by Brenda Anugwom
In today’s world, more than 4 billion people have no access to the rule of law. Several economies in transition are faced with this challenge due to weak governance structure and poor institutional capacity. This is the reason why the Loyola University Chicago launched the Rule of Law for Development Program (PROLAW), a new practice oriented LL.M degree program for all lawyers working in the development sector.
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The rule of law as a principle was popularized by A.V. Dicey in the 19th century. It proposes that the idea that law is based on fundamental principles which can be discovered, but which cannot be created through an act of will. An important aspect of this principle is that authority is legitimately exercised only in accordance with written, publicly disclosed laws adopted and enforced in accordance with established procedural steps that are referred to as due process.
The PROLAW program is taught at Loyola University Chicago, John Felice Rome Center for all law graduates, lawyers, judges, legal advisers and solicitors who wish to be involved in the change revolution around the world, bringing rule of law to the doorsteps of all. In 2011, the first 25 professionals were admitted to the Rome center to take part in this program. These professionals came from Australia, Bulgaria, Cambodia, Ethiopia, Georgia, Liberia, Mexico, New Zealand, Nigeria, South Africa, Tanzania, The Kingdom of Tonga, Turkmenistan, Uganda, Uzbekistan, the United States of America and Zimbabwe.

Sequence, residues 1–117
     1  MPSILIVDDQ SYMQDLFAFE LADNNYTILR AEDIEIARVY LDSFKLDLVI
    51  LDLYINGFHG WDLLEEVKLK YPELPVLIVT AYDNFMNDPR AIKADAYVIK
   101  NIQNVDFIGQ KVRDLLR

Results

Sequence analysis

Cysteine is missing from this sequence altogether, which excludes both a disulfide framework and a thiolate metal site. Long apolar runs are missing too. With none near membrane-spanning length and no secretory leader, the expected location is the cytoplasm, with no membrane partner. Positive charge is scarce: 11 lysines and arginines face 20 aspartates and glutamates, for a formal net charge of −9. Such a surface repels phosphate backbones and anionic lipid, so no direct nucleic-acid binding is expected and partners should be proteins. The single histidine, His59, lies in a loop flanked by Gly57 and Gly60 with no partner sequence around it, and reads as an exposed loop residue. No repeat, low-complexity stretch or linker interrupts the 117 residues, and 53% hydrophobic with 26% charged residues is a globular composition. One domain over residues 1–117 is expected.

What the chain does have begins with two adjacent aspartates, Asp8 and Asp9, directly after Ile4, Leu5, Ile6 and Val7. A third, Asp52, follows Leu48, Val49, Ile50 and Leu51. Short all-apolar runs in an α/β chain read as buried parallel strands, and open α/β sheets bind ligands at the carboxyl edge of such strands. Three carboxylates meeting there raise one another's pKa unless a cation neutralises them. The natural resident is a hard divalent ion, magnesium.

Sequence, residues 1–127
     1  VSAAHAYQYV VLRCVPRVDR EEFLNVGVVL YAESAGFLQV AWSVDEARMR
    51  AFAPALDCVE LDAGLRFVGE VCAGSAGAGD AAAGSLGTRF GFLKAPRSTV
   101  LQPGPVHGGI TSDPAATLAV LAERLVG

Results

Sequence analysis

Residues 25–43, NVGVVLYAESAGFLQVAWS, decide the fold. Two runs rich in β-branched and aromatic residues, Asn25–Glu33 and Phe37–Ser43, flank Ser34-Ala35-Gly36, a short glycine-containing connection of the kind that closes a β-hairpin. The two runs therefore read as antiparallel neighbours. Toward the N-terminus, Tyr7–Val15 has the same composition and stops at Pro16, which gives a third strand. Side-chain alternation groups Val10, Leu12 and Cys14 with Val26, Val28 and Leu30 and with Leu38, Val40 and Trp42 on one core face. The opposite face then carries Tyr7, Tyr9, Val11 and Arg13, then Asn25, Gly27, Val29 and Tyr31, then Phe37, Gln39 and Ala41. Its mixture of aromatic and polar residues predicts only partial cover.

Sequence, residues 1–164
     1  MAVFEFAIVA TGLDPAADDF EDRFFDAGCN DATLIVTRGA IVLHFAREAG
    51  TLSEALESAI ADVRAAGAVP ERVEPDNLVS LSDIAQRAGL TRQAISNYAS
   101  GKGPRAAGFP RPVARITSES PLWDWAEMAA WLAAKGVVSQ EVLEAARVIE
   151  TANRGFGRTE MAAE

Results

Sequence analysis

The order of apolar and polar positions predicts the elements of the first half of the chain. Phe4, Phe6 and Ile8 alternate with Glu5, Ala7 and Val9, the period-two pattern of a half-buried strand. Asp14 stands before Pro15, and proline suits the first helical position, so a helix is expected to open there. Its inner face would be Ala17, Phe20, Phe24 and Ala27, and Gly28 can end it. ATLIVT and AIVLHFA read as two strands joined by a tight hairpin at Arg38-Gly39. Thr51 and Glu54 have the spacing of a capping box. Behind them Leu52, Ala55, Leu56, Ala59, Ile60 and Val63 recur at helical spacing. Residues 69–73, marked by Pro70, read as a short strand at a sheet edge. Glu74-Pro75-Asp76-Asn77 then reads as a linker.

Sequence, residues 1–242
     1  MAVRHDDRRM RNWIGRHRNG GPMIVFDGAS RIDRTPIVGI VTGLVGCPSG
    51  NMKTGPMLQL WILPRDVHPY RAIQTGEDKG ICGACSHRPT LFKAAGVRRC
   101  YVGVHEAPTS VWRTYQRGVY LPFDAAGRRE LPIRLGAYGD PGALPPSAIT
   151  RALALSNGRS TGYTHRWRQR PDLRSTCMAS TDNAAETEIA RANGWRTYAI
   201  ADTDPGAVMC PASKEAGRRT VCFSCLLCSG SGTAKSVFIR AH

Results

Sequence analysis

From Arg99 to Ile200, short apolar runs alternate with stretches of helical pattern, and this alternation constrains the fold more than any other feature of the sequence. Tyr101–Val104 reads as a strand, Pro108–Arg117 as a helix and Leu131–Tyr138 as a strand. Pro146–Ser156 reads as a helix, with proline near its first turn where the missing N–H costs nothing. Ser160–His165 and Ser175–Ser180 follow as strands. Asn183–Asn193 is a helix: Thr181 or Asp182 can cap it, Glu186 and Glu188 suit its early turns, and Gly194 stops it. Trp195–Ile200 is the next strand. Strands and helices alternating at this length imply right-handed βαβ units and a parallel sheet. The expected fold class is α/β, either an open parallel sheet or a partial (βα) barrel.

The program is targeted at holders of law degree from anywhere in the world. It aims at preparing its graduates to be effective rule of law advisors on both cross-border and domestic legal reform initiatives. The PROLAW program aims at improving the quality and sustainability of ongoing and future rule of law initiatives all around the world. Its curriculum focuses on the skills and knowledge which legal professionals need to have when advising on rule of law issues. Lawyers are generally trained and prepared for the complexities of advising domestically, usually in specific practice areas within their jurisdictions. However, PROLAW trains lawyers for advising domestically and across borders on matters relating to legal and institutional reforms.
Having benefited from this very important program, my work in the development sector has become more meaningful to me and I have come to appreciate what the legal profession has got to offer in international development. I now understand how to manage project, conduct assessments for social, institutional and economic reforms, and the workings of various agencies in international co-operation.
As PROLAW continues to train lawyers from all parts of the globe, the closer the world gets to sustainable development, justice and peace. This is a starting point for any lawyer preparing to venture into the field of development to make a change and I strongly recommend that governments get involved in this movement for a better world for the generations to come.